Archaeological Investigations

Orr and Son identified the location of the cemetery. Five test excavations were conducted on the graves, which confirmed the presence of human remains. Orr and Son estimated the cemetery contained approximately 100 interments, with a third of them situated within the proposed highway right-of-way.

Mid-Atlantic Archaeological Research, Inc. (MAAR) conducted Phase III excavations on the western third of the Renner Burial Site (which fell within the proposed highway right-of-way) between July and October 1979 and in May 1980. During the 1979 field season, MAAR manually and mechanically excavated trenches to locate burials and to define the perimeters of the site. Twenty-six graves were found between a depth of 2.4 and 5.1 feet below the surface. All graves were excavated in four-inch increments, and fill was screened through -inch mesh. In order to locate every burial remaining in the right-of-way, a gradall removed the topsoil at the beginning of the 1980 field season. Nine additional graves were excavated, following the procedures and standards established in the 1979 investigation.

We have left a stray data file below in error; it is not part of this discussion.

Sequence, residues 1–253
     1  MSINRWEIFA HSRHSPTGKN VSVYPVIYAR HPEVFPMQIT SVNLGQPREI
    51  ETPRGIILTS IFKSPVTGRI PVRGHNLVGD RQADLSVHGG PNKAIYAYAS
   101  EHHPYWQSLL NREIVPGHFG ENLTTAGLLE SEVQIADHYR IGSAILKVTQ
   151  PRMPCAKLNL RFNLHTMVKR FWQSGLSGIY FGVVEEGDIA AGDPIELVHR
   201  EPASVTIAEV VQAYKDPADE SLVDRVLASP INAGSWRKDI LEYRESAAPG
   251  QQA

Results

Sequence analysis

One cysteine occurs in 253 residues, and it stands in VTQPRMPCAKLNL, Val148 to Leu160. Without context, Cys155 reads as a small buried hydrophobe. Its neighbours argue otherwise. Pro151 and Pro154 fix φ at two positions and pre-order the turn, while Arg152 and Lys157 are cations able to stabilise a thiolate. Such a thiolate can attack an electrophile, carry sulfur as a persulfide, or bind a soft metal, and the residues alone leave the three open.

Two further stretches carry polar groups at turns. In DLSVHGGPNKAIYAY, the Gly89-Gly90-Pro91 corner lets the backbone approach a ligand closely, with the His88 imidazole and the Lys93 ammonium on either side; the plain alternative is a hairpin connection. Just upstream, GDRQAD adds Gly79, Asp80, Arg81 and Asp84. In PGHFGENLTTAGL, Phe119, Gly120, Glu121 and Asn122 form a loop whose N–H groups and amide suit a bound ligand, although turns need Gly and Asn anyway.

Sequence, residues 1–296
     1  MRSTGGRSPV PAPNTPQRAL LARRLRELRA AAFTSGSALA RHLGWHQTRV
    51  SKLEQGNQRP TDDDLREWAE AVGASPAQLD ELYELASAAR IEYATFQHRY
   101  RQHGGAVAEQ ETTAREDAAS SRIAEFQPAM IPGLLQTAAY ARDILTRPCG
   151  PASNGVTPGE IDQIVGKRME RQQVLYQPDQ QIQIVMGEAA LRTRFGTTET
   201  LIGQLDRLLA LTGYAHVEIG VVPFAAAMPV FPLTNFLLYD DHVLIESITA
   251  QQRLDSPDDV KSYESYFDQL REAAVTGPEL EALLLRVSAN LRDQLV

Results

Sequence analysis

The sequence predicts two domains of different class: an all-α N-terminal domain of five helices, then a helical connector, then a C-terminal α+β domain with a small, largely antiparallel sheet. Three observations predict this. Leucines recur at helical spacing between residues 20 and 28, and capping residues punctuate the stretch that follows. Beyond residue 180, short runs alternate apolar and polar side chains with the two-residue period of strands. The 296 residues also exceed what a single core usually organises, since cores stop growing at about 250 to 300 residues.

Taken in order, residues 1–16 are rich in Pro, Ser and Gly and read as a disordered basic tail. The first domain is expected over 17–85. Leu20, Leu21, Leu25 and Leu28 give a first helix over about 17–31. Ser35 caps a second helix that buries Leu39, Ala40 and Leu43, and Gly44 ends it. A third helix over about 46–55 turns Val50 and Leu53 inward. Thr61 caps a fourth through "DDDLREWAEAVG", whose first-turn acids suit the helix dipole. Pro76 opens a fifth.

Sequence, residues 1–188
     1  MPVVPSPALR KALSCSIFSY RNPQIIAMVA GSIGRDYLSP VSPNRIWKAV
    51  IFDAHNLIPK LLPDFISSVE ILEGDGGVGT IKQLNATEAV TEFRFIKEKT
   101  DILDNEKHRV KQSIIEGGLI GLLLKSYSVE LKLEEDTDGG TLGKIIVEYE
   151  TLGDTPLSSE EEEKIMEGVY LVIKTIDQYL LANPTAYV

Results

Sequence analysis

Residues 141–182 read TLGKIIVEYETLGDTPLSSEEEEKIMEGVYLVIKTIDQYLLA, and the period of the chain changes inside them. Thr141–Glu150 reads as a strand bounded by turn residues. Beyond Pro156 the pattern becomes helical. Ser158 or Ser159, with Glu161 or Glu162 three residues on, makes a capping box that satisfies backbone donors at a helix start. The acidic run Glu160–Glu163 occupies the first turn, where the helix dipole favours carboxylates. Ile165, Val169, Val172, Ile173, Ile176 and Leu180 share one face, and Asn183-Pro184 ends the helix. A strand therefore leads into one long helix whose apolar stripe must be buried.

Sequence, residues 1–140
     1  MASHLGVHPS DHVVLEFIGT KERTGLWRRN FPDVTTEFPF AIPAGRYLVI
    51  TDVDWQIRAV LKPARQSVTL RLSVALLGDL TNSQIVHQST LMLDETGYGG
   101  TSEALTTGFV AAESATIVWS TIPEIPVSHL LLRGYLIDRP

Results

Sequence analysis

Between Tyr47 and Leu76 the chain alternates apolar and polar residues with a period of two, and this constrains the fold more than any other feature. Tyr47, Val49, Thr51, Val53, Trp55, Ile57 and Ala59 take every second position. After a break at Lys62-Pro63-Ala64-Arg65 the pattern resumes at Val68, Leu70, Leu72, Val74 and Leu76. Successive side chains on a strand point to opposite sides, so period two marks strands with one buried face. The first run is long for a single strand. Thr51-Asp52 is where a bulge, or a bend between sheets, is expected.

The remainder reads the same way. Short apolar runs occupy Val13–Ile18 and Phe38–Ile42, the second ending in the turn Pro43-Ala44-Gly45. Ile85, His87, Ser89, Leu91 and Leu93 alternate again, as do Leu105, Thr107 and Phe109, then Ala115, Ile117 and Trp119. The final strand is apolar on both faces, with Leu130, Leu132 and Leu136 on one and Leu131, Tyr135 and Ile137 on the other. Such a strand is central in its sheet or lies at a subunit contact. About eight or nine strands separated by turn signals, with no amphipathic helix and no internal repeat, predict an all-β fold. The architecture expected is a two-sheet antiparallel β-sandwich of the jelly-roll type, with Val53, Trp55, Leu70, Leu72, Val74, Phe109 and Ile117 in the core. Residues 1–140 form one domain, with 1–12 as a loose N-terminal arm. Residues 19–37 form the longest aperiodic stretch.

Artifacts

A total of 1,312 artifacts, predominantly nails, screws, buttons, and shroud pins, were recovered from the excavation of 35 graves at the Renner Burial Site. All artifacts recovered from the graves had a date range of between 1790 and 1840. Dr. J. Lawrence Angel conducted the osteological analysis of the skeletal remains, which are curated at the Smithsonian Institution.

The bulk of the artifacts from Renner Burial were associated with the manufacture of wooden coffins. Nails utilized in the simple slat coffin construction included handwrought, machine-cut, and machine-cut with handwrought heads. Only one coffin contained additional hardware: four iron bars that were used as reinforcing brackets.